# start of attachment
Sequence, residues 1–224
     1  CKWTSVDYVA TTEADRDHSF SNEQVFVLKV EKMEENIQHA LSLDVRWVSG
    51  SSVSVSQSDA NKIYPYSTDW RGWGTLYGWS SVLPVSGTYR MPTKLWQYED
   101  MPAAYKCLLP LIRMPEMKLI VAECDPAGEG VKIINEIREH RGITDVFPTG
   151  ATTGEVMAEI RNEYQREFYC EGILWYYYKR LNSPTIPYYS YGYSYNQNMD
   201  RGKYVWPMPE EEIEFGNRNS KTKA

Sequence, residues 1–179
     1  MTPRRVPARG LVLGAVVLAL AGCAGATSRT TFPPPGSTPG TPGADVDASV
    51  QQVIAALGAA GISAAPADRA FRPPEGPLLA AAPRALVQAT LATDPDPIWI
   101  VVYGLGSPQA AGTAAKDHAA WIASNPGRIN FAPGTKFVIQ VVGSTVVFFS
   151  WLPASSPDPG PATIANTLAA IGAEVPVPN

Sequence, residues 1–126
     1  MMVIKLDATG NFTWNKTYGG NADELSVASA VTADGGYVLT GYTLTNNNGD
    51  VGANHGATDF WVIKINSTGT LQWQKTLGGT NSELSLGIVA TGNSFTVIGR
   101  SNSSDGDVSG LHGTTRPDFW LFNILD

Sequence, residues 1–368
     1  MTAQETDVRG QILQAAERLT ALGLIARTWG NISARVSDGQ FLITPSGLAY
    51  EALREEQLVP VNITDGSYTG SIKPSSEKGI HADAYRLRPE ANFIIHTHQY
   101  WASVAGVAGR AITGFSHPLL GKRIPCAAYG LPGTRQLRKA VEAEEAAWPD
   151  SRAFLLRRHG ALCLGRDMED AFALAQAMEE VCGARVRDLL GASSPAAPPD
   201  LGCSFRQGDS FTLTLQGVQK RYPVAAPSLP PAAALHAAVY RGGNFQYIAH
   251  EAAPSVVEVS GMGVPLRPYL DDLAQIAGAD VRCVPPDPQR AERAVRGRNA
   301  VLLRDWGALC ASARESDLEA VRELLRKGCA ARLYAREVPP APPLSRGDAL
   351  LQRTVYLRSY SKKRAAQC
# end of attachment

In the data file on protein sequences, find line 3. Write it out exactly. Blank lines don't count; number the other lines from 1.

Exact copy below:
    51  SSVSVSQSDA NKIYPYSTDW RGWGTLYGWS SVLPVSGTYR MPTKLWQYED